argument's underpinning is REA's erroneous conclusion that WERC has wrongly interpreted the definition of a QEO. Moreover, this court cannot ignore sec. 227.40, Stats. The REA did not comply with this statute and it's argument that the rules were implicitly questioned is without merit.

REA also argues that the correct interpretation of 111.70(1)(nc) does not permit a QEO above the minimum. It's position is summarized in the following statement: "The QEO law passes legal muster only if a unilaterally implemented compensation and fringe benefit package conforms strictly to the minimum requirements of sec. 111.70(1) (nc), Stats., . . ." (REA Initial Brief, page 55) (emphasis supplied).

As a preface REA argues that on this question the standard is de novo. Such contention is rejected. The correct standard is due weight. This is because of the reasons set forth above, essentially this: WERC did not study 111.70(1)(nc) in a vacuum. It is unreasonable to assume that a particular part of the statute would be weighed, studied and evaluated and a decision rendered thereon to the exclusion of the whole. Rhetorically, how would it be possible for the WERC to make Finding 9. in it's Shorewood decision or Conclusion 1. in its Madison decision or Conclusion 1. in its Campbellsport decision or Conclusion 1. in its LaCrosse decision without considering the definition of a QEO. (LaCrosse Education Association, Decision. No. 28462)

The theme asserted by REA is that the QEO is numbers which must be exact, neither to low nor to high, and that anything


short of perfection is not a QEO since Forms A and B are integral thereto. The theme asserted would rewrite 111.70(1)(nc) to delete the words "at least". The theme asserted would negate the QEO - unless numerically exact - and return the process to pre-1993 Act 16 interest arbitration procedures.

Relying on certain conclusions drawn from documents generated during the development of the law and generalities drawn from the good faith bargaining provisions and REA asserts the "at least" language can only be interpreted to mean and apply to those situations were both parties agree to a QEO in excess of the minimum. Such interpretation would, of course, effectively destroy the concept that a municipal employer could unilaterally increase the QEO over the minimum. It also leads to the unspoken argument that anything less than the minimum is not a QEO. Thus, nothing short of exactness in not a QEO in the view of the REA. Such view is rejected. The multiple use of the phrase "at least" in 111.70(1)(nc) is consistent. The words standing alone and in context are clear and unambiguous. A reasonable person would interpret the phase to mean a minimum, or not less than, or at the least. The phase has been defined by court decisions on numerous occasions. Exemplary, though ancient, is Hall v. Dawson, 429 S.W.2d 366, 368 (Ct.App.Ky.1968): " "At least" means a minimum of and must be at least equalled." The whole of the REA argument distorts the meaning of "at least" and is without significant merit. The argument is more akin to one developed by political "spin doctors" who, having woven the threads into a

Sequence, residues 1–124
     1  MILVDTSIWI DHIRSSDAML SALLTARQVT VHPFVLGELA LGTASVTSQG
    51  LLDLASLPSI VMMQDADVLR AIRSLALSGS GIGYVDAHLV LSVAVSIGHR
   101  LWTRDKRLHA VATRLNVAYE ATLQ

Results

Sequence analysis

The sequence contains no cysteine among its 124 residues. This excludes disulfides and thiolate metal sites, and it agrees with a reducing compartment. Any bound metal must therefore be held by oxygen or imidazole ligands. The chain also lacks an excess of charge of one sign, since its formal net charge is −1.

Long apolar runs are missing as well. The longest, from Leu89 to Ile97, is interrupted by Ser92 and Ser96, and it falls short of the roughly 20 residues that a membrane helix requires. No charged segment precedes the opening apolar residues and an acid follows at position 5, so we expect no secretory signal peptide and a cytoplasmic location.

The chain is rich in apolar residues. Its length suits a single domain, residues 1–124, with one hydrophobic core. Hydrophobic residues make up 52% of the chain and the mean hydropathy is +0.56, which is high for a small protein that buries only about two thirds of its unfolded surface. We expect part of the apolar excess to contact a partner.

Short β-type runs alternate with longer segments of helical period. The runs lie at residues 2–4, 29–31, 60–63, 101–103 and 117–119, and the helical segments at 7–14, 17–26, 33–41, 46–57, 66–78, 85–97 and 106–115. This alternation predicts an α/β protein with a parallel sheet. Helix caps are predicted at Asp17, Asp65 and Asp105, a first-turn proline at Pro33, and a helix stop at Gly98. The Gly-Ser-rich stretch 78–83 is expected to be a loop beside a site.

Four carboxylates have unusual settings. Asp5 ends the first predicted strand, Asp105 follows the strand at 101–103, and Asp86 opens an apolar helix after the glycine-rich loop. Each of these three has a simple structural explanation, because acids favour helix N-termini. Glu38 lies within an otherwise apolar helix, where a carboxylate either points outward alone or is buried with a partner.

thought web, go on to predict catastrophe if the "wrong" view should prevail. Such is the REA argument here in predicting that the WERC's wrong interpretation would ". . . allow an employer to violate its obligation to bargain collectively, in good faith . . ." (REA Initial Brief, page 54) The keystone of the REA argument that the phrase "at least" is ambiguous is clearly wrong.

REA next argues that WERC ". . . erroneously found that the District had corrected Forms A and B during hearing and briefing and thus narrowed the issues requiring resolution by the Commission." To condense: The District's September 25, 1995 submission was not a QEO because there were errors in Forms A and B. Sec. 111.70(1)(nc) must be strictly interpreted which means (a) Forms A and B are a part of a QEO and (b) the calculations or numbers must be exact. Forms A and B were not offered by the District as revised Forms A and B. Therefore, the District's submission (words plus forms) did not comply with the law. It is a familiar refrain. It relinks the Forms to a QEO. The Commission did not err. Assistant Robert Stepien got it right. He viewed the QEO and the Forms as being separate. In response to the questions asked of him he indicated the recalculation was not the District's QEO. Correct. He identified Form B as being ". . . a recalculation as requested by the Commission." (Tr.III, page 340) The Commission therefore was correct in finding as it did. Again, REA's stated its position this way: "A revised Form B (Ex.37;R.24) was provided to the Commission at its request, and by the way of information and not by way of an amendment to the


District's September 25, 1995 QEO calculations. (emphasis supplied) REA sees this as fatal because it links the "offer" and the numbers. It is wrong. This court adopts as a correct statement that which is set forth on page 10 of the WERC Brief: "Once a school district submits a QEO proposal, any dispute that may arise concerning the mathematical calculations presents a separate and distinct matter for resolution."